N2 - Purpose: To compare methods of calculating the required intraocular lens (IOL) power for patients undergoing cataract surgery after radial keratotomy (RK), including the 2016 update of the True K formula. Design: Retrospective case series. Participants: A total of 52 eyes of 34 patients who had sequential RK and cataract surgery performed in the same institution by 1 of 2 surgeons. Methods: Seven IOL calculation formulae were evaluated: True K [History], True K [Partial History], True K [No History], Double-K Holladay 1 (DK-Holladay-IOLM), Potvin-Hill, Haigis, and Haigis with a −0.50 diopter (D) offset. Biometry was obtained with the IOLMaster 500 (Carl Zeiss Meditec AG, Jena, Germany) and Pentacam (OCULUS Inc, Arlington, WA) devices. Subjective refraction was performed at 4 to 6 weeks postoperatively. The achieved spherical equivalent outcome was compared with the target outcome to calculate the absolute error for each eye with each formula. Main Outcome Measures: Median absolute error (MedAE) and mean absolute error (MAE), and percentage of patients within ±0.50 D, ±0.75 D, and ±1.00 D of refractive target. Mean error (ME) was also calculated to demonstrate whether a formula tended toward more myopic or hyperopic outcomes. Results: Best results were achieved with the True K [History]. The MedAE was higher (0.382 vs. 0.275) with the True K [Partial History], but a similar percentage of patients (75.0%–76.6%) achieved within ±0.50 D of target. Of the methods that do not require refractive history, the True K [No History] and unadjusted Haigis were most accurate (69.2% within ±0.50 D of target), with the True K [No History] returning the lowest MedAE but also more of a tendency toward hyperopia (ME +0.269 vs. −0.006 for Haigis). The DK-Holladay-IOLM and Potvin-Hill methods were the least accurate. Conclusions: Knowledge of the refractive history significantly improves the accuracy of IOL calculations in patients undergoing cataract surgery after previous RK. The post-RK refraction appears to be the most important parameter, with inclusion of the pre-RK refraction offering a further slight improvement in MedAE. When no refractive history is available, the True K [No History] and Haigis formulae both perform well, with the added advantage of not requiring data from separate biometric devices.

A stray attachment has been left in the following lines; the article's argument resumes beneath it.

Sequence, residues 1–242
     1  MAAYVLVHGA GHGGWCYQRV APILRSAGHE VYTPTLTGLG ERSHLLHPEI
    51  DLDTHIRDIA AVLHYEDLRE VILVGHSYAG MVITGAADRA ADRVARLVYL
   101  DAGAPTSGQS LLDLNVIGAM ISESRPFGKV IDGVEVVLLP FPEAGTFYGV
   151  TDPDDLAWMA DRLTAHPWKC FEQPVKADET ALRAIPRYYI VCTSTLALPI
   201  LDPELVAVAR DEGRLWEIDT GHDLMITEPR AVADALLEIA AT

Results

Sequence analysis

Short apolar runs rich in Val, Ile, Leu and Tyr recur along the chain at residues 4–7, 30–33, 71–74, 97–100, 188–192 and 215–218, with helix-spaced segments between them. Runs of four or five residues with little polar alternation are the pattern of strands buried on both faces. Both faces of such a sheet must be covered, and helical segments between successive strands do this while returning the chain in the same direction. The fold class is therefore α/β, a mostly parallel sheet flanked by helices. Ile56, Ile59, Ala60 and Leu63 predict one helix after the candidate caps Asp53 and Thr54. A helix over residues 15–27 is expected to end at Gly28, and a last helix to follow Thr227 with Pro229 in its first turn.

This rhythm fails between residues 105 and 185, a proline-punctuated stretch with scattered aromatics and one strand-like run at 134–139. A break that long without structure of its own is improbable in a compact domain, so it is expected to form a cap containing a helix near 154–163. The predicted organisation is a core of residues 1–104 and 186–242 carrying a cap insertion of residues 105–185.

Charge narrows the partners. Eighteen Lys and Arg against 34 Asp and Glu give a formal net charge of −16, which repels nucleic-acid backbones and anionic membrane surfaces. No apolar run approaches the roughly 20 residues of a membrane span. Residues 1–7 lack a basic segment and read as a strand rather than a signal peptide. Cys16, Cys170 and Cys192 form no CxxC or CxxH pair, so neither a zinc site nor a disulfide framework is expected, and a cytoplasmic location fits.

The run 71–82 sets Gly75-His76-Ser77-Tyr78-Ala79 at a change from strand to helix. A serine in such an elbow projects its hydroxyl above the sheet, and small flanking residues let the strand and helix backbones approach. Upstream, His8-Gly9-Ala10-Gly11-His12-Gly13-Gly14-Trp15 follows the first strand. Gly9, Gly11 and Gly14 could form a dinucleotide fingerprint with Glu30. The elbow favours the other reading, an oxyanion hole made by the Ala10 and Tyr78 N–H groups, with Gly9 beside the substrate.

AB - Purpose: To compare methods of calculating the required intraocular lens (IOL) power for patients undergoing cataract surgery after radial keratotomy (RK), including the 2016 update of the True K formula. Design: Retrospective case series. Participants: A total of 52 eyes of 34 patients who had sequential RK and cataract surgery performed in the same institution by 1 of 2 surgeons. Methods: Seven IOL calculation formulae were evaluated: True K [History], True K [Partial History], True K [No History], Double-K Holladay 1 (DK-Holladay-IOLM), Potvin-Hill, Haigis, and Haigis with a −0.50 diopter (D) offset. Biometry was obtained with the IOLMaster 500 (Carl Zeiss Meditec AG, Jena, Germany) and Pentacam (OCULUS Inc, Arlington, WA) devices. Subjective refraction was performed at 4 to 6 weeks postoperatively. The achieved spherical equivalent outcome was compared with the target outcome to calculate the absolute error for each eye with each formula. Main Outcome Measures: Median absolute error (MedAE) and mean absolute error (MAE), and percentage of patients within ±0.50 D, ±0.75 D, and ±1.00 D of refractive target. Mean error (ME) was also calculated to demonstrate whether a formula tended toward more myopic or hyperopic outcomes. Results: Best results were achieved with the True K [History]. The MedAE was higher (0.382 vs. 0.275) with the True K [Partial History], but a similar percentage of patients (75.0%–76.6%) achieved within ±0.50 D of target. Of the methods that do not require refractive history, the True K [No History] and unadjusted Haigis were most accurate (69.2% within ±0.50 D of target), with the True K [No History] returning the lowest MedAE but also more of a tendency toward hyperopia (ME +0.269 vs. −0.006 for Haigis). The DK-Holladay-IOLM and Potvin-Hill methods were the least accurate. Conclusions: Knowledge of the refractive history significantly improves the accuracy of IOL calculations in patients undergoing cataract surgery after previous RK. The post-RK refraction appears to be the most important parameter, with inclusion of the pre-RK refraction offering a further slight improvement in MedAE. When no refractive history is available, the True K [No History] and Haigis formulae both perform well, with the added advantage of not requiring data from separate biometric devices.

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DO - 10.1016/j.ophtha.2019.08.019

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JO - Ophthalmology: journal of the American Academy of Ophthalmology

JF - Ophthalmology: journal of the American Academy of Ophthalmology